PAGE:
The Omaha Marathon's new owners drew criticism from runners after Sunday's race.
Director Mark Wilson acknowledged the shortcomings and responded to negative comments about the race on social media. He said Tuesday that the concerns are “easily fixable” for next year.
HITS Endurance, a national event-production company based in New York, purchased the rights to the Omaha Marathon earlier this year for an undisclosed amount. The Omaha race was the company's first running event.
Roughly 4,000 people participated in the 10K, half and full marathon courses. Though runners praised the flat course and aid stations, the event failed to meet expectations for some who emailed organizers and expressed their concerns on Facebook.
Among the complaints:
» Runners missed turnaround points on the out-and-back routes.
» Water was available at the finish line, but post-race fuel, such as oranges and bananas, was not. Runners had to climb steps and walk down a ramp to reach the food that HITS provided.
» There were not enough portable restrooms along the course.
» The route took runners inside TD Ameritrade Park, where they ran on the warning track, but then exited the stadium to cross the finish line.
» The bag-drop area was not closed off to those who walked by.
» The men were given moisture-wicking shirts and the women's shirts were cotton, though they paid the same race entry fee.
» The shirts and race bibs were not Omaha Marathon-specific, but promoted HITS Endurance.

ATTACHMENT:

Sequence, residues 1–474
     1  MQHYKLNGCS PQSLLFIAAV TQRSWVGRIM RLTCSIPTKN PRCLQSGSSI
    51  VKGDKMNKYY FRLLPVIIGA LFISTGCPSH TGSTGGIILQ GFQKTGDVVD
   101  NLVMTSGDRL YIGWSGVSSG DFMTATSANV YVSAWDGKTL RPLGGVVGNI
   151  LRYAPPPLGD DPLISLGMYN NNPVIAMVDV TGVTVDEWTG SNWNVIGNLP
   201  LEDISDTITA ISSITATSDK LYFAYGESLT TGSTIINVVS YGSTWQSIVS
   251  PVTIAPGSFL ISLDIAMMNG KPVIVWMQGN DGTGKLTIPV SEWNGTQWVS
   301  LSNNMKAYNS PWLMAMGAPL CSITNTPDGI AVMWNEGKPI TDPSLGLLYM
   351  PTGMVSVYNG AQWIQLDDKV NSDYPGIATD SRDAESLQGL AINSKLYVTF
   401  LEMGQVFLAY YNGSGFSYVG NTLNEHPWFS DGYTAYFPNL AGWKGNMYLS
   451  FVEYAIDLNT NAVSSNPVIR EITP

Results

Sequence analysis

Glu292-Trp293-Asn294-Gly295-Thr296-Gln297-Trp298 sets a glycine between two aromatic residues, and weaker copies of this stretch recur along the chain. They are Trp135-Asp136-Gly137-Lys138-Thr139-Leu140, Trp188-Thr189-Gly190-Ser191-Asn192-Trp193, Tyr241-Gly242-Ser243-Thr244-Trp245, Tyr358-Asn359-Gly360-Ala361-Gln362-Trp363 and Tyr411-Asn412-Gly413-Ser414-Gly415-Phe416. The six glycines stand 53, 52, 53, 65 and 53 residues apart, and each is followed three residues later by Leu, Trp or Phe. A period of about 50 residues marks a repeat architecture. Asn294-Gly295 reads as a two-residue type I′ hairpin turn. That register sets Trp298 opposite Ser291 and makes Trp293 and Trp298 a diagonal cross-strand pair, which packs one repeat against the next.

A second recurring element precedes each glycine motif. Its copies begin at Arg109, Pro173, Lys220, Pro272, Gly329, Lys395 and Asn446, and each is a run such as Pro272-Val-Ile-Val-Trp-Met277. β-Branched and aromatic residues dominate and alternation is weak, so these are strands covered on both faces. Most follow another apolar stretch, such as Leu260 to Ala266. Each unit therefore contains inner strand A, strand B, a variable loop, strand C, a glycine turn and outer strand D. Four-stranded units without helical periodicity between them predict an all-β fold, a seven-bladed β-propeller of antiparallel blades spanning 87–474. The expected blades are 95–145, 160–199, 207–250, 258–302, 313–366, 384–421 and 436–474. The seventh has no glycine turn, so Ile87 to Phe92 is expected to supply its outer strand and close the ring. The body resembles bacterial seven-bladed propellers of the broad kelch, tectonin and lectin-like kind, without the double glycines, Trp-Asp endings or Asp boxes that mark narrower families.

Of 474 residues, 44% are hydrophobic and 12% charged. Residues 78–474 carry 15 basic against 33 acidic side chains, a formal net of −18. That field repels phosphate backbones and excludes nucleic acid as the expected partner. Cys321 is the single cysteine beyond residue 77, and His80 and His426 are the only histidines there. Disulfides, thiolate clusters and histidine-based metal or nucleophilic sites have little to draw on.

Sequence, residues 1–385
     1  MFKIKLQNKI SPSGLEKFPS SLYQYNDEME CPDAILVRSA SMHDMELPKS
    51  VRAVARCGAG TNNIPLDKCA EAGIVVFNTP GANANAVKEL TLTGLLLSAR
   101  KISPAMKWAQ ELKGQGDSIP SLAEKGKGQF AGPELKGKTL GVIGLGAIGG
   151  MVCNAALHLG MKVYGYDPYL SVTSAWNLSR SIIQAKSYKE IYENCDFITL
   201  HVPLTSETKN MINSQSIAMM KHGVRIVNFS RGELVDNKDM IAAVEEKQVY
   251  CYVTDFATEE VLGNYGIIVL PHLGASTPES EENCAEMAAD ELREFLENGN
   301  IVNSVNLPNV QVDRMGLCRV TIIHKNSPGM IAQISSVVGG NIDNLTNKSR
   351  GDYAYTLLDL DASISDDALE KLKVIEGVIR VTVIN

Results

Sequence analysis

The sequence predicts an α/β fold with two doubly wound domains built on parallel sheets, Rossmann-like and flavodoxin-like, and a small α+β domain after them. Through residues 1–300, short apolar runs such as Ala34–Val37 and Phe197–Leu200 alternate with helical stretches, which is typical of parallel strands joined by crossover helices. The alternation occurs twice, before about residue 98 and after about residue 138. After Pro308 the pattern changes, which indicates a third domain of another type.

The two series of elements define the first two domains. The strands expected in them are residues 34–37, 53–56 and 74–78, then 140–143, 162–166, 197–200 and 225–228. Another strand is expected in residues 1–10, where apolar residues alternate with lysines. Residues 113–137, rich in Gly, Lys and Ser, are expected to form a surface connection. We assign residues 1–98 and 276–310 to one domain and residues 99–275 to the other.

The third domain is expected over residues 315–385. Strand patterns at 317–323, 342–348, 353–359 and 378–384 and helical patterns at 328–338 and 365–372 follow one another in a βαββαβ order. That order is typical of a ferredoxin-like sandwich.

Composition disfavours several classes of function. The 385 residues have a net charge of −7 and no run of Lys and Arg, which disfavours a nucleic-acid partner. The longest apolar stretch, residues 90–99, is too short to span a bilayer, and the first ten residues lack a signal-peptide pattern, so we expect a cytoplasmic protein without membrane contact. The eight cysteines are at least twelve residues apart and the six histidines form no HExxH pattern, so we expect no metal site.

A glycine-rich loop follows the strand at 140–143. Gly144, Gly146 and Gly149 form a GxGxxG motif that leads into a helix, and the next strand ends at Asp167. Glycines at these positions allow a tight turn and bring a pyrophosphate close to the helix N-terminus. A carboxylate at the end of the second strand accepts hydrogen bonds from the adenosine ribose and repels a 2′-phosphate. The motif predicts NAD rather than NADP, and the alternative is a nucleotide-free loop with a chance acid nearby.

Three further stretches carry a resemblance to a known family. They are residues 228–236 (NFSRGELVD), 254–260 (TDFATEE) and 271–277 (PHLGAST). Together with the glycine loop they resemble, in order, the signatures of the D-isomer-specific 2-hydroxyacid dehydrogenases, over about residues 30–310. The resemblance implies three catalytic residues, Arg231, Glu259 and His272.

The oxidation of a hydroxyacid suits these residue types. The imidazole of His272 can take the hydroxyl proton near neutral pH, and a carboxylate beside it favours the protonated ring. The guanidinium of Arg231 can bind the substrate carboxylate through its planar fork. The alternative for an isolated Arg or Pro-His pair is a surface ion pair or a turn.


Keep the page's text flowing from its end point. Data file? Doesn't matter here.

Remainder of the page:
» At the start line, runners were not directed to the back of the line. Instead, runners had to maneuver through the crowd, causing some congestion and confusion.
“To me, that's simple stuff,” said David Kohrell, who participated in the full marathon. The Lincoln runner applauded the volunteers and complimented the route and aid stations, but said the race logistically was “really hit and miss — and more miss.”
Wilson said the HITS staff has adjusted the plans for next year's event.
Men and women will receive a long-sleeved unisex cotton shirt. The phrase, “Omaha Marathon” will be featured prominently on the shirt, as well as the race bib. Post-race fuel will be available at the finish line. An announcer will help direct runners toward the appropriate spot behind the starting line.
Wilson also addressed other complaints, saying volunteers were present at the turnaround points, which were marked with signs and orange cones; some portable restrooms in the Carter Lake area were stolen; and Omaha Running Club volunteers supervised the bag-drop area, where nothing was “in danger of being stolen.”
The course will continue to feature TD Ameritrade Park, but “there's no way (park officials are) going to let us finish in there,” Wilson said, referring to concerns of damaging the field.
He said he's confident next year's race will be better and bigger.
“Eight-thousand people are going to be there (in 2014), and we're going to crush it,” Wilson said.
He invited runners with concerns to email him at firstname.lastname@example.org.
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